As Texas educators know, especially those in K-12 public school districts, House Bill 5 (Texas) introduces a new component to the state accountability system that requires each district to report to TEA and make publicly available a self-evaluation of the district and each campus in the area of community and student engagement.
Although the LOTI has been used in a variety of ways, some are hoping to use something that consider the Dr. Ruben Puentadura’s SAMR Model, represented beautifully by this diagram below:
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ABOUT HB5 REQUIREMENTS
As you know, House Bill 5 Introduces a new component to the state accountability system that requires each district to report to TEA and make publically available a self-evaluation of the district and each campus in the area of community and student engagement.
It specifically requires a local committee to establish criteria that will be used to issue a rating to the district and each campus of exemplary, recognized, acceptable, or unacceptable for both overall performance and on 9 individual factors that include:
- fine arts;
- wellness and P.E.;
- Texas Association of School Administrators 16 community and parental involvement, i.e. tutoring programs or participation in community service projects;
- 21st Century Workforce Development program;
- second language acquisition program;
- digital learning environment;
- dropout prevention strategies;
- educational programs for gifted and talented students; and
- record of district and campus compliance with statutory reporting and policy requirements.
(Source: TASA HB5 Summary)
Rather than use a rubric to collect data Digital Learning Environment in district schools, some districts may want to use an instrument available at no charge and whose data could serve multiple goals in addition to HB5 requirement.
ASSESSING DIGITAL LEARNING ENVIRONMENT
To address item #6–Digital Learning Environment–two instruments are available and whose data could serve multiple goals (e.g. Texas ePlan, outline key areas of need for professional learning for instructional staff) in addition to HB5 requirement. Both have the expectation that individual professional instructional staff at campuses (and in Curriculum) would complete a 15-20 minute online survey.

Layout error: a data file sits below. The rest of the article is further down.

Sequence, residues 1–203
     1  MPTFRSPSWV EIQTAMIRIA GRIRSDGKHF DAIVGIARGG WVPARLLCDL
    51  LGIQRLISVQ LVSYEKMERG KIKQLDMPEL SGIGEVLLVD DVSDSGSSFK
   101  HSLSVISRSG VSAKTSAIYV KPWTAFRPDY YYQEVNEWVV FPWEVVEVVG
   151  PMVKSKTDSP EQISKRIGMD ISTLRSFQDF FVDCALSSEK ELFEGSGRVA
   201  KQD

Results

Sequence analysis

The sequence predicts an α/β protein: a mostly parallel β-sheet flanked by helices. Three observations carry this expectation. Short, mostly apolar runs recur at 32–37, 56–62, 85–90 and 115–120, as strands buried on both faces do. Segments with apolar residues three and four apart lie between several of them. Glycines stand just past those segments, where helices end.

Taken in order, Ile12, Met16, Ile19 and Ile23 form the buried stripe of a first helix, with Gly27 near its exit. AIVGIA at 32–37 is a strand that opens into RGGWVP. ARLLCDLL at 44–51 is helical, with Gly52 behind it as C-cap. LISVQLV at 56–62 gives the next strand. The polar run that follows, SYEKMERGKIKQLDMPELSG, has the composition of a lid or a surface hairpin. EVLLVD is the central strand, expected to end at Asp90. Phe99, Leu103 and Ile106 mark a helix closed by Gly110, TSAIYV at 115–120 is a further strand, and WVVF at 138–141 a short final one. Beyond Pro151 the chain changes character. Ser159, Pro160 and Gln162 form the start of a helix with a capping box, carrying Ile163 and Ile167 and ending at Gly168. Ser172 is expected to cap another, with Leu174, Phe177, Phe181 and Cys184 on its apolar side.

1) Digital Age Survey (Levels of Teaching Innovation (LOTI)) – This instrument assesses 5 factors, including 1) Digital work and learning; 2) Digital-age learning experience and Assessments; 3) Student learning and creativity; 4) Professional growth and leadership; 5) Digital citizenship and responsibility.
Cost: There is a cost for obtaining the aggregate district and campus assessment reports. A cost quote has been requested.
My Experience: I have seen it (and used it) in several Texas districts and recommend it. This instrument is widely used, reliable and valid (in research terms), and worthwhile. It is specifically aligned to ISTE’s Digital Age Learning.
2) Apple’s Education Technology Profile (ETP) – This instrument, available from Apple, would also provide insight into District’s professional learning needs in regards to digital learning. “The Education Technology Profile is a 15-minute online self-assessment that gathers information about educators’ technology skills and infusion practices within an institution, school, or district. The resulting data is aligned to Dr. Ruben Puentedura’s SAMR model,* and provides education leaders information that spotlights faculty strengths and professional development opportunities.”
Only aggregate reports are available per building and district-wide reporting would not be available.
Cost: No cost.
My Experience: I have not used this instrument.
Another approach is to rely on the School Technology and Readiness (STaR) Chart data that has been gathered this Fall. It’s not a valid/reliable measure, nor aligned to digital age learning environments but Texas school districts wouldn’t have to ask their teachers to do anything else.
Some of the results look like this, but there’s a lot more not shown…this should just give you a taste of the ETP instrument from Apple:
Other school districts–such as Alvin ISD–are taking approaches like this, designing their own rubrics:
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